As regards the Church’s ‘approved practice’, two distinct situations present themselves. First, that of the person who, although he has gone through an apparently valid wedding ceremony, is convinced that factually it never was a marriage in any human or Christian sense of that term. Pope John Paul II refers to this in his Exhortation on the Christian Family (1981):
There are those who have entered into a second union for the sake of the children’s upbringing, and who are sometimes subjectively certain in conscience that their previous and irreparably destroyed marriage had never been valid.
But that person may not be able to go to a marriage tribunal for a variety of reasons. For example, he has not witnesses to the fact, which the external forum rightly insists upon; or he is unwilling to involve his former spouse for what he considers serious reasons; or it is morally impossible for him to begin what he considers a most formidable undertaking; or the marriage tribunal is inoperative in his diocese. For any or several of these perfectly sound reasons, seeking a declaration of nullity in the external otr public ambit of the Church is not open to him.
The second situation commonly experienced today is that of the person who, unlike the first, is convinced of the validity of the previous marriage, and could not in conscience state it was otherwise. Again the Pope’s comment is apposite:
Pastors must know that, for the sake of truth, they are obligated to exercise careful discernment of situations. There is in fact a difference between those who have sincerely tried to save their first marriage and have been unjustly abandoned, and those who through their own grave fault have destroyed a canonically valid marriage.
In either of these cases the confessor, or preferably the parish priest, is consulted privately about the possibility of the parishioner receiving the sacraments. To help such a decision, an evolving pastoral practice has elaborated several guidelines in this matter:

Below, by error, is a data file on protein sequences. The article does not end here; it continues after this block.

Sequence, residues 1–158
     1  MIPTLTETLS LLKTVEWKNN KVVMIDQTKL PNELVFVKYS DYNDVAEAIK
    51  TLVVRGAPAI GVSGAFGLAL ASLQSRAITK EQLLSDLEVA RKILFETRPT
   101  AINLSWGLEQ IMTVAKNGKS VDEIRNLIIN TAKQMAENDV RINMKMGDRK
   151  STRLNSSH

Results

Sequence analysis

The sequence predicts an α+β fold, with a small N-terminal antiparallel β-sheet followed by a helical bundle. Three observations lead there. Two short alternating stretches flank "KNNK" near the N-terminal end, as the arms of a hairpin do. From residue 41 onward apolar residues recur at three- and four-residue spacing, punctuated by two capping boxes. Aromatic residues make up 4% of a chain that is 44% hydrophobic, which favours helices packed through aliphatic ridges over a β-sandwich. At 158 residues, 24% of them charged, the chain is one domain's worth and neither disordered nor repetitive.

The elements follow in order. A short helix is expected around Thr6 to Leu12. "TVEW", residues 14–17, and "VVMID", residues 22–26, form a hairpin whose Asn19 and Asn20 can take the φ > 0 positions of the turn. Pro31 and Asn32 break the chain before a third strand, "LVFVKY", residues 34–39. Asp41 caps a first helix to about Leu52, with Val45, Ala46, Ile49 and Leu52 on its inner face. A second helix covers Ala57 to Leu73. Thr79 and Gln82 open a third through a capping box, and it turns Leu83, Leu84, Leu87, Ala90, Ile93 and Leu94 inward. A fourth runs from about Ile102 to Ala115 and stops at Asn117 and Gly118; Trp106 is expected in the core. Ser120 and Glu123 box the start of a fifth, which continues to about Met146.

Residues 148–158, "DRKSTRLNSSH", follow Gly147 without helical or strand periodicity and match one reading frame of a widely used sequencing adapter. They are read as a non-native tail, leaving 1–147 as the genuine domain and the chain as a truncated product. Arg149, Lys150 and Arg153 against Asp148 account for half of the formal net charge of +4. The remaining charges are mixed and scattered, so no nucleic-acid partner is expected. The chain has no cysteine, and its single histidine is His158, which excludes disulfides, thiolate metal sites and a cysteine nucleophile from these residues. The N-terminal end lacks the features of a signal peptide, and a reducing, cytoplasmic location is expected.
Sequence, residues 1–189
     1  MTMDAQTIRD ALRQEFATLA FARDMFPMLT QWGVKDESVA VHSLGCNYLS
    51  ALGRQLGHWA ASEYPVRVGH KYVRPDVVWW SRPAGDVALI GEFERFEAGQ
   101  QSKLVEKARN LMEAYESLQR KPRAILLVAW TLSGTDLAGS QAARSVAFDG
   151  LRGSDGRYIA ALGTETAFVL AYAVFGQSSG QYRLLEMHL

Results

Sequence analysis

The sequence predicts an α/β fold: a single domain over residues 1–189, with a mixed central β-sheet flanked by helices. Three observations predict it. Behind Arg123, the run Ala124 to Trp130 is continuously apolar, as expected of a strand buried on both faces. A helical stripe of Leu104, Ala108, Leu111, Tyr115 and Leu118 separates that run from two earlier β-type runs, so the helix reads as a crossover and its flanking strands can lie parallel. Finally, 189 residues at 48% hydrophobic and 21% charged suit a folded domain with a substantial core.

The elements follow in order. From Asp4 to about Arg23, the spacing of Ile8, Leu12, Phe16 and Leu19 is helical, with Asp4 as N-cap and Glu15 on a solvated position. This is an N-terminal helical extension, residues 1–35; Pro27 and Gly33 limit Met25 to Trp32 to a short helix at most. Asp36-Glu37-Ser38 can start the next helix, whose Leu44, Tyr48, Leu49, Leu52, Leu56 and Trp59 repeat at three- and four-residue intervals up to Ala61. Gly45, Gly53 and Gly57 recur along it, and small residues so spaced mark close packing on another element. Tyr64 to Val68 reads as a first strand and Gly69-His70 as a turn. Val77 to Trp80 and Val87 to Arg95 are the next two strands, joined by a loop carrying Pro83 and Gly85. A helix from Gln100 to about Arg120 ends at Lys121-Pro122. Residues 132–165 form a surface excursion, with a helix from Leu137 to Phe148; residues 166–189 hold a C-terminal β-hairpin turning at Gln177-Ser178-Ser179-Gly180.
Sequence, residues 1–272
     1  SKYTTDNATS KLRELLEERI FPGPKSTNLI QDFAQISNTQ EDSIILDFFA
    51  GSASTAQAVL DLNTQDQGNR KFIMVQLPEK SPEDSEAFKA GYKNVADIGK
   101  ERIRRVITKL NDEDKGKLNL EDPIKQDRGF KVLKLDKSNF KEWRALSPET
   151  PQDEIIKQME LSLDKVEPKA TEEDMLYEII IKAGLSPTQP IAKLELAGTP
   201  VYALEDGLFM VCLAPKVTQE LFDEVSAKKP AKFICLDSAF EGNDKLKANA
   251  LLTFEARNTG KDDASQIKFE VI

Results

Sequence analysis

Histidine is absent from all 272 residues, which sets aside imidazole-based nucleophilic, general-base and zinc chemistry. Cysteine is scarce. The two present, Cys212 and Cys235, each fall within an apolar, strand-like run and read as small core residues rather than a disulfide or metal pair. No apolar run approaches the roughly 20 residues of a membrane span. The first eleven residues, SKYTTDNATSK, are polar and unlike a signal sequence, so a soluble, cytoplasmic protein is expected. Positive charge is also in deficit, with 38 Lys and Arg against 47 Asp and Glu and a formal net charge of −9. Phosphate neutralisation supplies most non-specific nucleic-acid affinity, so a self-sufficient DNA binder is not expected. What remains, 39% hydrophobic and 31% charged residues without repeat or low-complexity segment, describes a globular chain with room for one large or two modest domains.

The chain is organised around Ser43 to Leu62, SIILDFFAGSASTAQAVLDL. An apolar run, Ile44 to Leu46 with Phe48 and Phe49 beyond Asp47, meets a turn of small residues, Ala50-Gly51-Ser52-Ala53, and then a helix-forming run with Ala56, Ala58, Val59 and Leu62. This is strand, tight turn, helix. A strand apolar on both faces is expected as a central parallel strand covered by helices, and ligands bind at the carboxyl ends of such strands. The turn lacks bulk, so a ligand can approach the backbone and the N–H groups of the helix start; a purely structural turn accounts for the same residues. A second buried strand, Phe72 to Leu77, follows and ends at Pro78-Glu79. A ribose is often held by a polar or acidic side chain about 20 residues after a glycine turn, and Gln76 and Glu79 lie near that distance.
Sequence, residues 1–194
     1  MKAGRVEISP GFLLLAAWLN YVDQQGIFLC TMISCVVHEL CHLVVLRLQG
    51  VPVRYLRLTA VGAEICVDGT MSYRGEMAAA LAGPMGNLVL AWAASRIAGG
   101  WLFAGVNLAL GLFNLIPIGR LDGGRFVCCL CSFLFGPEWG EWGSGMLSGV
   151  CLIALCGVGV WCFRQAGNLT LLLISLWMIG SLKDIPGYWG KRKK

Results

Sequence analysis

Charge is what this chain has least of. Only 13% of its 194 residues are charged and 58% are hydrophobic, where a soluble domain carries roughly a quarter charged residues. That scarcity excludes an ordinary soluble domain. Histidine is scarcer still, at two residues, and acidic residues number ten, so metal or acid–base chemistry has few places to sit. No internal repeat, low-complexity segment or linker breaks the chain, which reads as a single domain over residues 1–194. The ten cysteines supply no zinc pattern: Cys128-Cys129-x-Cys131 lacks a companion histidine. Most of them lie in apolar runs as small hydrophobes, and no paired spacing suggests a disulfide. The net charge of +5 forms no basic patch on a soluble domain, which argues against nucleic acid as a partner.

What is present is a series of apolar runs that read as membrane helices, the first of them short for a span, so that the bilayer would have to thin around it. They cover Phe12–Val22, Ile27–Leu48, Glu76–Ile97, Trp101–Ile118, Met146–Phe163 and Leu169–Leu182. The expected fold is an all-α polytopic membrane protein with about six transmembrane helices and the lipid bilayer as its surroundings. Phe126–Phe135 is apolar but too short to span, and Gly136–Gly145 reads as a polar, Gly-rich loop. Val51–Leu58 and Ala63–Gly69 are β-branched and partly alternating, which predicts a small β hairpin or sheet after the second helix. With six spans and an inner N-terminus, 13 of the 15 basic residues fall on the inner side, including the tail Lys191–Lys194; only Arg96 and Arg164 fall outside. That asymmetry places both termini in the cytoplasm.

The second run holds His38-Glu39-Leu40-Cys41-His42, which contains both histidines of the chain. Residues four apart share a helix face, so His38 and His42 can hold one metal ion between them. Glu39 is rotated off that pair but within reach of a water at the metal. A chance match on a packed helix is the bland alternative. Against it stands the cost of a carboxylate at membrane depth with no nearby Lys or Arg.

- there is no possibility of reconciliation between the spouses since the first marriage has irreparably broken down;
- acknowledgement of any responsibility for the failure of the first union, and where necessary reparation is made;
- the second marriage has been in existence for some time, morally speaking it is impossible to separate because of new obligations arising from the second union, and the partners to it are genuinely doing their best to live an authentic Christian life;
- such Eucharistic sharing should in no way be seen as a questioning of the teaching on indissolubility, and by preaching and teaching, such a practice must be regarded as entirely exceptional.
I mentioned above that the parish priest should be consulted, not only because of his general responsibility for the spiritual and sacramental life of his parish, but also because he will be better placed to make judgements about scandal were some divorced and remarried parishioners admitted to the Eucharist. In a curious reverse way it often happens that scandal does arise in a parish where the remarried are forbidden the Eucharist.
It should be noted that among the pastoral theologians who have helped to formulate these norms by their writing, the most distinguished is the present prefect of the Congregation for the Doctrine of the Faith, Cardinal Ratzinger.
(Theodore Davey, ‘The Internal Forum’,
The Tablet, 27 July 1991, pp. 905-906)